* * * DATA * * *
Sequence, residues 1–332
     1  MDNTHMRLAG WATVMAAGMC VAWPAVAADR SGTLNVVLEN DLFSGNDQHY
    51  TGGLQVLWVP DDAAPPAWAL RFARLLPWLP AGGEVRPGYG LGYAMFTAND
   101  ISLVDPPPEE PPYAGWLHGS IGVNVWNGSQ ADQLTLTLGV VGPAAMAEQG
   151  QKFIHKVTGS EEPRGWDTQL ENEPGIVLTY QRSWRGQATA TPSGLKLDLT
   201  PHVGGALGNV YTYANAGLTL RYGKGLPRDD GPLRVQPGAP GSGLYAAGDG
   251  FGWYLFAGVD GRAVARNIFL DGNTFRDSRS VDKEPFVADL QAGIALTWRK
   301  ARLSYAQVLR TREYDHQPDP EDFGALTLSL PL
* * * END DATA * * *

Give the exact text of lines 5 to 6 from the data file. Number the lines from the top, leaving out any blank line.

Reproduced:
   151  QKFIHKVTGS EEPRGWDTQL ENEPGIVLTY QRSWRGQATA TPSGLKLDLT
   201  PHVGGALGNV YTYANAGLTL RYGKGLPRDD GPLRVQPGAP GSGLYAAGDG